Up to 300 vehicles full of frustrated skiers were forced to wait while heading towards prime conditions at Mt Hutt due to a communication error, with some turning around and heading home.
Mt Hutt ski area manager James McKenzie said a “breakdown in communication” caused the issue on Sunday morning, but they “got on top of it pretty quickly”.
The delay was caused when a car lost its chains between the upper and lower carpark, forcing cars to be diverted to the lower carpark.
McKenzie said someone had then “made an assumption we were already full at our top car park when we weren’t”, leading to a message being sent out saying the mountain was at capacity on Mt Hutt’s Facebook page and website.
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After seeing the message, a number of vehicles turned around and headed home.
“It was such a short time between saying we’re at capacity to saying we’re open again,” said McKenzie.
He said it was “a shame” some people had gone home.
“We’ve obviously apologised on our Facebook page for the confusion, and it’s not something we want to see happen again.
“We’ve got a pretty robust system, we’ll just make sure the guys are extra vigilant.”
The mix-up left some of those affected feeling furious, with a few taking to Facebook to vent their frustrations.
One commenter called the mix-up a “shambles”, while another called for the mountain to “get someone competent to manage the road”.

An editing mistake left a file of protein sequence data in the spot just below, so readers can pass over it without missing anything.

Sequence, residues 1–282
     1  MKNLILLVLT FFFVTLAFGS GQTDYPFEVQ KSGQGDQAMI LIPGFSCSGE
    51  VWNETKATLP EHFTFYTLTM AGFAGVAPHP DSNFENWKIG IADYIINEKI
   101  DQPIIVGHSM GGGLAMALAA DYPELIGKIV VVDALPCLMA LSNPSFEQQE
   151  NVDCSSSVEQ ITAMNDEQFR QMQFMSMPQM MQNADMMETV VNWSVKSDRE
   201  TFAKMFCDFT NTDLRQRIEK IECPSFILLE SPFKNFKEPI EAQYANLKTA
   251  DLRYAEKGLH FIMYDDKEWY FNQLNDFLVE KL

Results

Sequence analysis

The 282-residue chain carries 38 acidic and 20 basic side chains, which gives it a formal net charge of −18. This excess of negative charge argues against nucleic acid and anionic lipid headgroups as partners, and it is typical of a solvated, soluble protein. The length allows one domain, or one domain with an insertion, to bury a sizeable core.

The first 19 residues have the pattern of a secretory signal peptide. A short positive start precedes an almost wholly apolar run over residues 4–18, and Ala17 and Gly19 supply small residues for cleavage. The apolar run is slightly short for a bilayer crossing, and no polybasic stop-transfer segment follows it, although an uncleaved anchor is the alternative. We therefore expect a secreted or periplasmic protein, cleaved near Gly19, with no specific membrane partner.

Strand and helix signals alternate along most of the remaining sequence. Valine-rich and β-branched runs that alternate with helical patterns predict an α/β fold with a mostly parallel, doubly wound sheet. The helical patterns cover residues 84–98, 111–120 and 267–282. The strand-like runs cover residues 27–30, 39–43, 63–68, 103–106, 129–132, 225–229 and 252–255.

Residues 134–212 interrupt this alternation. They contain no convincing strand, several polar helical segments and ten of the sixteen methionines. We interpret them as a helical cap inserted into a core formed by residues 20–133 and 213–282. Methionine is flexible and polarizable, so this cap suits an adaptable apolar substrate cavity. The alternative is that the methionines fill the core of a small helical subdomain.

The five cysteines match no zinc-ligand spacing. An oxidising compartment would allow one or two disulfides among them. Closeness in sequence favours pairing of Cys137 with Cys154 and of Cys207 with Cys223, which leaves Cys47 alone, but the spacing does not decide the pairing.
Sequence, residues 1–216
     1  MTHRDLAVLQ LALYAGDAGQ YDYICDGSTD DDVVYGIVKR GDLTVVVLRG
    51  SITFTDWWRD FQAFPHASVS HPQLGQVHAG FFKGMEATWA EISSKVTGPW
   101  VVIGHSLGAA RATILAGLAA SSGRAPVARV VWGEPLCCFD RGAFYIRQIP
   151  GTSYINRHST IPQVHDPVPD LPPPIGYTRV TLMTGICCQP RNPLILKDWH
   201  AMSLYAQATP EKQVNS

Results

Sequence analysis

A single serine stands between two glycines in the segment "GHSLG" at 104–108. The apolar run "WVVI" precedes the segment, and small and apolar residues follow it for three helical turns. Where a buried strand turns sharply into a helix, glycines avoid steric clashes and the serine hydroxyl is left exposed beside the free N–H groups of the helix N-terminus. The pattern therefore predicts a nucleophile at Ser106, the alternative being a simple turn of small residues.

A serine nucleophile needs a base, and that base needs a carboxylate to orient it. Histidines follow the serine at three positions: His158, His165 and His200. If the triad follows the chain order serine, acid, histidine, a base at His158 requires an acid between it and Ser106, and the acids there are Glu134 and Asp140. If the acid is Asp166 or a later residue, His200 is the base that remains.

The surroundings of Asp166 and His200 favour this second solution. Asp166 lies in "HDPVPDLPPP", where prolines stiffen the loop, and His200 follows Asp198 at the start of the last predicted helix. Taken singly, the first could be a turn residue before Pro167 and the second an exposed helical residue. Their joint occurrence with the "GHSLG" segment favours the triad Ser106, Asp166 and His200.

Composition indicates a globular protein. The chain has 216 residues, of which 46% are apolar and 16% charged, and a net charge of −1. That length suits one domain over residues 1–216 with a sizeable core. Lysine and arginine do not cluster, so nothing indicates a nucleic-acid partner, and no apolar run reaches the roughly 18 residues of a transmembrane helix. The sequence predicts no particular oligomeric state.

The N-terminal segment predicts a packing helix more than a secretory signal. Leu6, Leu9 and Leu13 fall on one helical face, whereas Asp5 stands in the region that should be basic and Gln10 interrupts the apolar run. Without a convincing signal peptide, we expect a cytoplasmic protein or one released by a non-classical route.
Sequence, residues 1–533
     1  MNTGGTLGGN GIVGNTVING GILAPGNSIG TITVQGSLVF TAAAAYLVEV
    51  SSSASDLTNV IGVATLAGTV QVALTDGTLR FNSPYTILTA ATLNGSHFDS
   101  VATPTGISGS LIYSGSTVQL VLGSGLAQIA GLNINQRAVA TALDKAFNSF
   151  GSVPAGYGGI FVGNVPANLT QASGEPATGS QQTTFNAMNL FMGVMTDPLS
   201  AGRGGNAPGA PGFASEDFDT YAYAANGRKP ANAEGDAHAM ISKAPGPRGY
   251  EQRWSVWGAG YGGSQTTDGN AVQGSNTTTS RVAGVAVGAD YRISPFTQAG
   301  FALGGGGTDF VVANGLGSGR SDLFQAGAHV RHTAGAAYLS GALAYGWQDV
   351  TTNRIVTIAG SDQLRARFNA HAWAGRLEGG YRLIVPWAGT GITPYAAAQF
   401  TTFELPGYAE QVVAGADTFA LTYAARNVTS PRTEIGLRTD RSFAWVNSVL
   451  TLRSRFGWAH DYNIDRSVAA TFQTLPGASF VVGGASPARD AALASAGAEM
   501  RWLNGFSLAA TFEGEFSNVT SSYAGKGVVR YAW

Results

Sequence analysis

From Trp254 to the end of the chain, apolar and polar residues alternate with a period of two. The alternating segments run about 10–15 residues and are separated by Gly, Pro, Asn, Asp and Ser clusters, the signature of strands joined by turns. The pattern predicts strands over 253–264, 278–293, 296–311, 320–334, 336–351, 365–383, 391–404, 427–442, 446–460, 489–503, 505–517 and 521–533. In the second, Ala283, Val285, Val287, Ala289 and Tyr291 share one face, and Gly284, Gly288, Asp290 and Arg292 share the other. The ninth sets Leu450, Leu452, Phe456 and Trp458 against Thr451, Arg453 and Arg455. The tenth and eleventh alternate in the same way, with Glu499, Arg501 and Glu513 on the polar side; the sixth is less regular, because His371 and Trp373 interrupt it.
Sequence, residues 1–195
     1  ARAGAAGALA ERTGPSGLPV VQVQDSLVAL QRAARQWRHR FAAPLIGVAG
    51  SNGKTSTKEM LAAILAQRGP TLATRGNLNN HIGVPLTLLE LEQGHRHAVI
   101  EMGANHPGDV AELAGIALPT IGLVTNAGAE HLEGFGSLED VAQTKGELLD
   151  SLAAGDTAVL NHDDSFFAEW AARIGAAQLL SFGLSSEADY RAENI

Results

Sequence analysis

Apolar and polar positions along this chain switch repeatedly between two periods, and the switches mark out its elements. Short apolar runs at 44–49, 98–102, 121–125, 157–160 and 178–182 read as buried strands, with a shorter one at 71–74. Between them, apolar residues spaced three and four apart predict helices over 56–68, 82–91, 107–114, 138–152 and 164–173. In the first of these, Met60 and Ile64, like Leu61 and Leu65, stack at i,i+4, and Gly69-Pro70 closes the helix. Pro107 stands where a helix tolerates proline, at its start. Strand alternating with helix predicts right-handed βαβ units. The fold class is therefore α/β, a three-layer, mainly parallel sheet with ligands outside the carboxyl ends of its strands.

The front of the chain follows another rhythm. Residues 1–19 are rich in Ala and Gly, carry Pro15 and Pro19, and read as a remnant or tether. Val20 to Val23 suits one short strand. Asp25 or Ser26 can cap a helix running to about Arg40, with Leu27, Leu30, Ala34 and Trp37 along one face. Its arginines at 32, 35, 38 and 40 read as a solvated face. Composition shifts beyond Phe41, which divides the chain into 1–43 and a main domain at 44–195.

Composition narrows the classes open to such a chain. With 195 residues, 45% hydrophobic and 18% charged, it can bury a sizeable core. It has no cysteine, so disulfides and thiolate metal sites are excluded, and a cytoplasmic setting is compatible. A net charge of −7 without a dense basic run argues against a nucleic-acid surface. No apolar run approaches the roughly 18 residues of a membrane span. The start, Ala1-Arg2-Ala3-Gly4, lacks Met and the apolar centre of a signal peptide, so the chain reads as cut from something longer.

Each of Mt Hutt’s carparks is able to hold about 600 cars.
The mountain currently has a 2.7 metre snow base, which McKenzie said was one of the best bases on the mountain since 2009.
He said today’s conditions were “absolutely spectacular”, with soft and powdery snow on trail and queues of 10 to 15 minutes.
“The weekend weather’s been phenomenal, we’re very lucky.”
Mt Hutt have offered cheap early-bird season passes in recent years, which some believe has put pressure on the mountain.
One Facebook commenter who got to the top carpark said they had left Christchurch at 4.30am to secure a spot.
McKenzie said the skifield had suffered “a couple of tough years” before they launched the cheap pass campaign, which had “bought life back to the mountain”.
“The great thing about the cheap season passes is it gives people a chance to get into a sport that’s right on their doorstep.”
He said season pass holders only made up “a fraction” of people using the field.
“Prior to having our cheap passes, we would always have one or two days of the year when we would have to shut the mountain because we’d reached capacity.”